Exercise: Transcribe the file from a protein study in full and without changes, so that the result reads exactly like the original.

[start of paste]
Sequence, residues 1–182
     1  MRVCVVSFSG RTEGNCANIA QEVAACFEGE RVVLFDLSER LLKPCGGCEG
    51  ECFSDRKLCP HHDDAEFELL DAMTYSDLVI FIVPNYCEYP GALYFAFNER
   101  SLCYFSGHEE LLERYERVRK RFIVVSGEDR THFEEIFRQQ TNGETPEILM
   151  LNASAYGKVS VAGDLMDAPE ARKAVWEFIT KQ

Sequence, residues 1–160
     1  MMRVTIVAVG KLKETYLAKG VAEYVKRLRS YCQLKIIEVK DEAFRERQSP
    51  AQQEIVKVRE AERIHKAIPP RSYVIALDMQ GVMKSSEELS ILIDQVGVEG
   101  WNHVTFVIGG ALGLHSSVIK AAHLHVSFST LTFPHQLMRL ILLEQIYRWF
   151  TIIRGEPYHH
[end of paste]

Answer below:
Sequence, residues 1–182
     1  MRVCVVSFSG RTEGNCANIA QEVAACFEGE RVVLFDLSER LLKPCGGCEG
    51  ECFSDRKLCP HHDDAEFELL DAMTYSDLVI FIVPNYCEYP GALYFAFNER
   101  SLCYFSGHEE LLERYERVRK RFIVVSGEDR THFEEIFRQQ TNGETPEILM
   151  LNASAYGKVS VAGDLMDAPE ARKAVWEFIT KQ

Sequence, residues 1–160
     1  MMRVTIVAVG KLKETYLAKG VAEYVKRLRS YCQLKIIEVK DEAFRERQSP
    51  AQQEIVKVRE AERIHKAIPP RSYVIALDMQ GVMKSSEELS ILIDQVGVEG
   101  WNHVTFVIGG ALGLHSSVIK AAHLHVSFST LTFPHQLMRL ILLEQIYRWF
   151  TIIRGEPYHH